Thursday, July 13, 2017 12:05 am
Illinois to Trump: “No”
Voter data request is a non-starter
It all began with a June 28 letter sent to the secretary of state of each state and signed by commission vice chair Kris W. Kobach. The letter requested that states share “publicly available voter roll data” with the commission, including “dates of birth, political party (if recorded in your state), last four digits of Social Security number if available, voter history (elections voted in) from 2006 onward, active/inactive status, canceled status, information regarding any felony convictions, information regarding voter registration in another state, information regarding military status, and overseas citizen information.”
The State Board of Elections sent a letter July 7 refusing the request. It said in part, “the State of Illinois does not have a publicly available voter roll. Therefore, our agency does not have any material responsive to the commission’s request.”
The request had already proven controversial, with 46 states so far, including Illinois, having declined outright to provide the information or only agreeing to share limited data. As of July 10, the request was put on hold by the commission after being hit with multiple lawsuits, including one from the American Civil Liberties Union and one from the nonprofit Electronic Privacy Information Center.
How much information is Illinois legally able to share about its citizens when solicited by Washington?
“Illinois law allows the state board to provide voter registration and voter history data to registered political committees for political purposes and to governmental entities for governmental purposes with the restriction that the data is not to be released to the public,” (italics added) said Dr. Kent Redfield, emeritus professor of Political Science at the University of Illinois Springfield. According to Redfield, as none of the requested information is public on a state level, the commission is asking for something which, by definition, does not exist. Furthermore, if the state board were to provide this non-publicly-available voter registration and voter history data to a commission which intends to make that data public, it would violate Illinois law. “While this may seem like a Catch-22, the logic is sound,” Redfield said.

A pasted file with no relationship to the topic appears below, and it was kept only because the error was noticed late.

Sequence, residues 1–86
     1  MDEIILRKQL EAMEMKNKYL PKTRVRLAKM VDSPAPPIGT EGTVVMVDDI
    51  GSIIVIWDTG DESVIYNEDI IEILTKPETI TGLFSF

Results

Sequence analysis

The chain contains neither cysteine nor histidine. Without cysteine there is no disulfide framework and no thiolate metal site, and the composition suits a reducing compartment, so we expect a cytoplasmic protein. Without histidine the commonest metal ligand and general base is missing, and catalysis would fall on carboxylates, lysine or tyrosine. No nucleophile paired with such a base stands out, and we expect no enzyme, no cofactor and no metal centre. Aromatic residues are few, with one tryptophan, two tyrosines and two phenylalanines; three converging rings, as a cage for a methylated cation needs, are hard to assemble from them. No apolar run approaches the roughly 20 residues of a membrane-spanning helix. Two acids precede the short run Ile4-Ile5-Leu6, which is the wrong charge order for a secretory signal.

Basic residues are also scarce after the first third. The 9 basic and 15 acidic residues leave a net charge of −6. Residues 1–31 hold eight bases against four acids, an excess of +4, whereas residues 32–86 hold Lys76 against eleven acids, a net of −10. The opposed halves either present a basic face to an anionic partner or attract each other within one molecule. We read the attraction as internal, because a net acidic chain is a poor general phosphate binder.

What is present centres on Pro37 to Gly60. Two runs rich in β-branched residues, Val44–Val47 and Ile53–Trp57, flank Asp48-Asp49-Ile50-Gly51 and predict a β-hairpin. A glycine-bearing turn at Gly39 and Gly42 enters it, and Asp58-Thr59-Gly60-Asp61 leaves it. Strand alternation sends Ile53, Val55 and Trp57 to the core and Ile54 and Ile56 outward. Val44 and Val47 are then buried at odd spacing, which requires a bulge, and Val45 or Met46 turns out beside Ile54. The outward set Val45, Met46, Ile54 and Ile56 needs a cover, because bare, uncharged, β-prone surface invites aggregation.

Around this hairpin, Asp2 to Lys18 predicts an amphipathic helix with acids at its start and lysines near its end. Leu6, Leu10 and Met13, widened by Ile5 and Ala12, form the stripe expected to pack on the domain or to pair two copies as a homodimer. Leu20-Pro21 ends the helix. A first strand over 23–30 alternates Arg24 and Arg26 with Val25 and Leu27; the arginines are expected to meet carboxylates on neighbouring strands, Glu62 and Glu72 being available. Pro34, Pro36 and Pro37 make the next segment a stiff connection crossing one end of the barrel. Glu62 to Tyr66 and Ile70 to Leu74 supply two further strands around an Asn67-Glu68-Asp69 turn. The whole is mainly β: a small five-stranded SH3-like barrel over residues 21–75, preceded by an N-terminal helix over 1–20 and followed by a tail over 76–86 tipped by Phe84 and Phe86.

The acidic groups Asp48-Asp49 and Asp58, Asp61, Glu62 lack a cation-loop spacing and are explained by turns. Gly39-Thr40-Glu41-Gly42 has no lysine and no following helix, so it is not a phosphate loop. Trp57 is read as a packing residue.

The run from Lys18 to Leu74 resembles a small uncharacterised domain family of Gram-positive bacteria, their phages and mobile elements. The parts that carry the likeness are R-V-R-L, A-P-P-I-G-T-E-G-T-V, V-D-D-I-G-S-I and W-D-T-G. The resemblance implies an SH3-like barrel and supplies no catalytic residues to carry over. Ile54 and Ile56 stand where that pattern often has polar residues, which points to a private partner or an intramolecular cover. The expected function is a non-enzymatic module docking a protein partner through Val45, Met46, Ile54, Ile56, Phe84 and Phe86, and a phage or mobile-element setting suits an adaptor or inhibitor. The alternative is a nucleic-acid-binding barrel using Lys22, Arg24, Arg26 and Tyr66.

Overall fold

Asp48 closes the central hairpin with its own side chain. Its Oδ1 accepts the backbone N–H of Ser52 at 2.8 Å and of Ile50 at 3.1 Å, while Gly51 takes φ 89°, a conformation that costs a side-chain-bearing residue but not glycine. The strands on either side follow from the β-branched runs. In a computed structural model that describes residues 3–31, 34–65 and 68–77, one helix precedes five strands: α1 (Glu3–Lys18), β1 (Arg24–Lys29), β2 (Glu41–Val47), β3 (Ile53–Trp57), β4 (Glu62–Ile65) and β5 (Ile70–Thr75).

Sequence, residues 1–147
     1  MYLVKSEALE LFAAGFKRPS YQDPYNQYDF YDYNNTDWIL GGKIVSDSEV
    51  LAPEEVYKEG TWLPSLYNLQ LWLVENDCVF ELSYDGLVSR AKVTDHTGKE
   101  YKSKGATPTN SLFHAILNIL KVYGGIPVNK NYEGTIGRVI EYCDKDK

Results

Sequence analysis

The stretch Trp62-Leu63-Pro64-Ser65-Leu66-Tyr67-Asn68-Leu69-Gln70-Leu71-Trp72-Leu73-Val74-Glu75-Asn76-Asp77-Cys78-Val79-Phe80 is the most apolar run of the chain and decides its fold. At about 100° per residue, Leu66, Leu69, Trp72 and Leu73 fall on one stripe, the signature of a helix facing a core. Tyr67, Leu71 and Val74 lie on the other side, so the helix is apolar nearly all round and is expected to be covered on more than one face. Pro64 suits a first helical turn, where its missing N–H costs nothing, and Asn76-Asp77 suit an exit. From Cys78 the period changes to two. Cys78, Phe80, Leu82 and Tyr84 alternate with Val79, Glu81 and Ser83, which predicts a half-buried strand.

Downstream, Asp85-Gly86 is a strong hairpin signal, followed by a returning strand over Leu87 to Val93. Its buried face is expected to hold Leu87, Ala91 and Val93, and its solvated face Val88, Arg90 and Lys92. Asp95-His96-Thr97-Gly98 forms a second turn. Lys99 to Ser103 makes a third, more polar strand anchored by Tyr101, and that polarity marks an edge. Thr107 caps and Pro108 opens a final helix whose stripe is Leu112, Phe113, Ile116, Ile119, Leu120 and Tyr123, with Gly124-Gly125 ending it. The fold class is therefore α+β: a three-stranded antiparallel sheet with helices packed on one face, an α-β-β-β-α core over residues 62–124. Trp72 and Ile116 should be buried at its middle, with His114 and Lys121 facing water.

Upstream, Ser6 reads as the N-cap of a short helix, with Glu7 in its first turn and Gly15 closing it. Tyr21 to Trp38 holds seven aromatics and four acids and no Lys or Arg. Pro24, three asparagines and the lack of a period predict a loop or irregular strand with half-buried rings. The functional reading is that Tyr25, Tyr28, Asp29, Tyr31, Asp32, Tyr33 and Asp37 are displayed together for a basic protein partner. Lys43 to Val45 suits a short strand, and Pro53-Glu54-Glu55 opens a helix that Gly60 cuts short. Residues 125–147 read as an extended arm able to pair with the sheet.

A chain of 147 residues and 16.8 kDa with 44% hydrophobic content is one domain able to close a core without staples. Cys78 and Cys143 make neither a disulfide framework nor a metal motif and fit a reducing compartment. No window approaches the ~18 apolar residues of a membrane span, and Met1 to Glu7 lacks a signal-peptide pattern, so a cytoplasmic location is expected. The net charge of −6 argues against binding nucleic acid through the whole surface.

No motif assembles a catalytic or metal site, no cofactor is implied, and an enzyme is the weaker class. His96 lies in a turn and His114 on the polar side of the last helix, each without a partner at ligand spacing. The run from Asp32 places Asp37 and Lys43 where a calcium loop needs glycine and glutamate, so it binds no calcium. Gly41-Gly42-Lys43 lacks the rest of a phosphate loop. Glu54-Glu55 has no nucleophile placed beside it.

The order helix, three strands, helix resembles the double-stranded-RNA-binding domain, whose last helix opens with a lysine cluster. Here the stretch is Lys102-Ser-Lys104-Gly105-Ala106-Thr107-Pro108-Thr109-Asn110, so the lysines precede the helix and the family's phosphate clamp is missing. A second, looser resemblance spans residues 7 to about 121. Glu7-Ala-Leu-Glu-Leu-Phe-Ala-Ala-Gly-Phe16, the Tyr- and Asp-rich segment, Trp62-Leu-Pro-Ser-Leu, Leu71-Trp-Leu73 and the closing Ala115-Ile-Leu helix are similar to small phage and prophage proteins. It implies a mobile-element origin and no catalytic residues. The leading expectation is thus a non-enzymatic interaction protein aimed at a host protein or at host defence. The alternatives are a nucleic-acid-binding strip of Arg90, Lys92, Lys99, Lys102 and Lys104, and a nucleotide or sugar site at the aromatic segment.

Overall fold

“I don’t understand the reasons for the request by this commission in the first place,” said Ron Michaelson, former executive director of the State Board of Elections (1976-2003). “Even if all 50 states complied in full – which obviously won’t happen – it’s not clear how they were going to use the data to come to conclusions involving voter integrity.” Michaelson, who also teaches political science at UIS, noted that, while the request is odd, the fear some have expressed regarding potential abuse of the data is an overreaction. “It’s interesting, though,” he said with a chuckle, “even the vice-chairman of the commission – who is the secretary of state of Kansas and a Republican – has been unable to have his own state comply fully with the request for reasons related to laws in Kansas.”
Contact Scott Faingold at firstname.lastname@example.org.